KABUL (Reuters) -- Insurgents stormed remote outposts in eastern Afghanistan killing eight Americans in the deadliest battle in more than a year near the border with Pakistan, the U.S. military said.
Afghan provincial authorities said they had lost contact with scores of Afghan policemen after the day-long attack on October 3 and did not know whether they were dead or alive. NATO said at least two Afghan soldiers were killed.
The fighting took place in Nuristan province's Kamdesh district in high mountains along the eastern border with Pakistan. U.S. forces had already announced plans to withdraw from the area as part of commander General Stanley McChrystal's strategy to focus his forces on population centers.
Militia from a local mosque and a nearby village launched the attacks on two joint NATO and Afghan outposts, the NATO-led International Security Assistance Force said. The NATO troops in the area are American.
"My heart goes out to the families of those we have lost and to their fellow soldiers who remained to finish the fight," Colonel Randy George, commander of the U.S. force in the eastern mountain area bordering Pakistan, said in the statement on October 4..
"This was a complex attack in a difficult area. Both the U.S. and Afghan soldiers fought bravely together. I am extremely proud of their professionalism and bravery."
A Taliban spokesman, Zabihullah Mujahid, said the movement was behind the attack. He claimed that dozens of Afghan soldiers and police were killed along with Western troops.
Fighters captured 35 police during the battle and their fate would be decided by the movement's provincial council, he added.
The province's deputy police chief Mohammad Farooq said the fate of an entire 90-strong police force in the Kamdesh district was unknown.
NATO said its troops had inflicted heavy casualties on the attackers, but did not say how many.
Mujahid said seven Taliban were killed as a result of an air attack summoned by foreign troops during the 13 hours of battle. He said the Taliban attack included several suicide bombers, explosions and fighters storming the posts.
The NATO statement said "coalition forces' previously announced plans to depart the area as part of a broader realignment to protect larger populations remains unchanged."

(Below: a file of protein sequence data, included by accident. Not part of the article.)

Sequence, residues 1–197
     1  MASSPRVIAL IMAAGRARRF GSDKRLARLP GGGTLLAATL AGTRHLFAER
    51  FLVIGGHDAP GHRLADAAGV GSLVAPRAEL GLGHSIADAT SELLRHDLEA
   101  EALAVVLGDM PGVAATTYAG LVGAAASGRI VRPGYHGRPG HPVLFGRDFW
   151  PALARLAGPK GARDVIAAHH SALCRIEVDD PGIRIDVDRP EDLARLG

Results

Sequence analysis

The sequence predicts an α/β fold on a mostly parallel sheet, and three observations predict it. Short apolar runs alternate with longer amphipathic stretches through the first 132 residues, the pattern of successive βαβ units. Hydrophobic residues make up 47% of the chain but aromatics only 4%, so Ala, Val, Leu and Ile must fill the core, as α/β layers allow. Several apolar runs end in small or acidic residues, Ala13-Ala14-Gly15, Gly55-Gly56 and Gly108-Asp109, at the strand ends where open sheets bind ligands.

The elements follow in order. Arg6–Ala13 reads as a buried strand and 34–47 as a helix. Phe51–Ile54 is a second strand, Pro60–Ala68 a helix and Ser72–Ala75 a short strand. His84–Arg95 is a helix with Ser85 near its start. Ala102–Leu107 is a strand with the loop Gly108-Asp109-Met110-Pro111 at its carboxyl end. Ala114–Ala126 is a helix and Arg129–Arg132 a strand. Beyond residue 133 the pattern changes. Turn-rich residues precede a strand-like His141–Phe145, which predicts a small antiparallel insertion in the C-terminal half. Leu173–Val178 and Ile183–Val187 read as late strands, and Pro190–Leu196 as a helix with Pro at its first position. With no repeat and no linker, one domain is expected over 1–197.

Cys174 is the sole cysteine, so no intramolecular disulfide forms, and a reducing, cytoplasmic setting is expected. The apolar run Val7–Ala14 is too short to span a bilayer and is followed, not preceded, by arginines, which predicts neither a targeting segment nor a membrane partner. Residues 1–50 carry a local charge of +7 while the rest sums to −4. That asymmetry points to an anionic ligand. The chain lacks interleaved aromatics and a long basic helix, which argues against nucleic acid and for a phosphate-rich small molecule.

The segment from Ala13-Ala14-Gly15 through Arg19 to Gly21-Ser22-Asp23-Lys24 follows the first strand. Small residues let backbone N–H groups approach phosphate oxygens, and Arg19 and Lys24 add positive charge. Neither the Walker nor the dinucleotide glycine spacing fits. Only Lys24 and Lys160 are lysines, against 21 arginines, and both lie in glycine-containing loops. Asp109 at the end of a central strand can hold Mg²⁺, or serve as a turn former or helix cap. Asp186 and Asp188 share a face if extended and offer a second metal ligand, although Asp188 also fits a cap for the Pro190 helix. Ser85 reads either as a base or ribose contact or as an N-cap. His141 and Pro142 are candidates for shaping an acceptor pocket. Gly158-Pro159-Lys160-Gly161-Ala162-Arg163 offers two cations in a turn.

The attack was the deadliest for U.S. forces since nine were killed in a July 2008 battle in nearby Kunar province, which the U.S. military is investigating as a debacle that will teach its forces how to understand the demands of combat in Afghanistan.
U.S. forces have suffered some of their worst casualties in the mountains of eastern Afghanistan, where they have been trying to control remote passes used by Taliban fighters as infiltration routes from Pakistan.
Under McChrystal's new counter-insurgency strategy they are supposed to move into more heavily populated areas to protect the population and reduce the influence of insurgents, while abandoning efforts to defend remote locations.
The war in Afghanistan has reached its most violent phase this year, eight years after the Taliban were ousted, with attacks by fighters spreading from traditional strongholds in the south and east to once-peaceful western and northern regions.
McChrystal, who now commands more than 100,000 troops, two thirds of them American, has requested tens of thousands more to implement his new strategy, warning that without them, the eight-year-old war will probably be lost.
U.S. President Barack Obama, who already ordered 21,000 extra troops to Afghanistan this year, is re-evaluating his strategy for the region before considering whether to send more troops.
Some in his administration are advocating the opposite strategy -- reducing force levels and switching to a counter-terrorism strategy limited to strikes on bases of al Qaeda fighters blamed for attacks on the West.